Why You Should Use People In Your Landscapes

Written by Gina Stephens

Photo by David Clapp –

Yield b set forth a person or a group of people into your landscape shots and they suddenly get a different feel/look about them. But you have to be prudent that it doesn't turn into an outdoor portrait where the person is the main focus of the image rather than part of the all-inclusive scene.

An empty shot of a forest or a mountainous landscape may be inspiring and pleasant to look at but if you add people to the shot the viewer can become more connected with the idea as the person/people can help create more of a story. A sunset shot with a couple sat to one side of it will feel romantic while a roll climber scaling a cliff wall that's sat in your wide, landscape shot will create a totally different feeling.

Living soul can also help create a sense of scale within an image for example, a backdrop of mountains suddenly turn into dominating structures that belfry above two walkers or a lake stretches out for miles past a single man out fishing for the day.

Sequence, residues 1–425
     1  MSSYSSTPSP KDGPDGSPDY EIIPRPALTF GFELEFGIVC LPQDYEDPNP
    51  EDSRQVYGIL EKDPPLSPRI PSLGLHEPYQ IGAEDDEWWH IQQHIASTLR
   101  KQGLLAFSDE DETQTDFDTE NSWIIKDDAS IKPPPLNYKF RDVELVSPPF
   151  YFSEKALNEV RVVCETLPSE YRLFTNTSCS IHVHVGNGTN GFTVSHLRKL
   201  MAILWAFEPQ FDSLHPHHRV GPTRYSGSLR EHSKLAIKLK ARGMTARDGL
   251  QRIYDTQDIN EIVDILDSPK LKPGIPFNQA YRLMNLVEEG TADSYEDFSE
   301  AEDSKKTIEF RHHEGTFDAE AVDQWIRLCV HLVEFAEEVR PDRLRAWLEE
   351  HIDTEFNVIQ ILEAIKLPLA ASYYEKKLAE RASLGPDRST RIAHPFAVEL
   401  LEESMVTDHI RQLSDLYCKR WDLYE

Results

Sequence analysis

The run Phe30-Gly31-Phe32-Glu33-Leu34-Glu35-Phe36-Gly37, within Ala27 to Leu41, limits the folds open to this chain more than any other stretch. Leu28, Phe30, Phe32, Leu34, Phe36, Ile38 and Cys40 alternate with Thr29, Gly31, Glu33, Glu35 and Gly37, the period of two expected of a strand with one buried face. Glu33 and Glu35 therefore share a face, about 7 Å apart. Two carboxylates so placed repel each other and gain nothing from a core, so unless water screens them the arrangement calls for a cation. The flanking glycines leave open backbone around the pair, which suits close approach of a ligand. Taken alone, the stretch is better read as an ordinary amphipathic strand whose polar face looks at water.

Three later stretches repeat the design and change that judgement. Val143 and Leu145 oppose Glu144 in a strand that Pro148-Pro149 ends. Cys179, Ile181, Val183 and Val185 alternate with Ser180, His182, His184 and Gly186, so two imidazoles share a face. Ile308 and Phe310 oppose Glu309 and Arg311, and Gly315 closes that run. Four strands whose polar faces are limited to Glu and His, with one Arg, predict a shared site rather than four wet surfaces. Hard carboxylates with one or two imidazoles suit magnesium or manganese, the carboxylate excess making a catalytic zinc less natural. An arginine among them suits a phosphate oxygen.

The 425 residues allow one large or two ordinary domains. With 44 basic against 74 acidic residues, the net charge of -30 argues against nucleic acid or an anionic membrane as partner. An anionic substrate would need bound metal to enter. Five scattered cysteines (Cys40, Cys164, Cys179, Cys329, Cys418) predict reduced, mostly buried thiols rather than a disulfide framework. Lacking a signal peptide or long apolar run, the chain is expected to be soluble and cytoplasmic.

As you're not shooting an outdoor portrait you don't want to pose your open ti or better still, let them know you're taking their photograph at all. Make sure they're not bothered by you or your camera and are focused on whatever they're doing sooner than you take your shot may refer to: Shot (filmmaking), a part of a film between two cuts Shot (medicine), an injection Shot silk, a type of silk Showt or. For more tips on shooting candidly take a look at our article: Candid photography.

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Photo by David Clapp –


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About the author

Gina Stephens

Gina is a photography enthusiast and drone lover who loves to fly drones, capture images and have fun cherishing them with family and friends.

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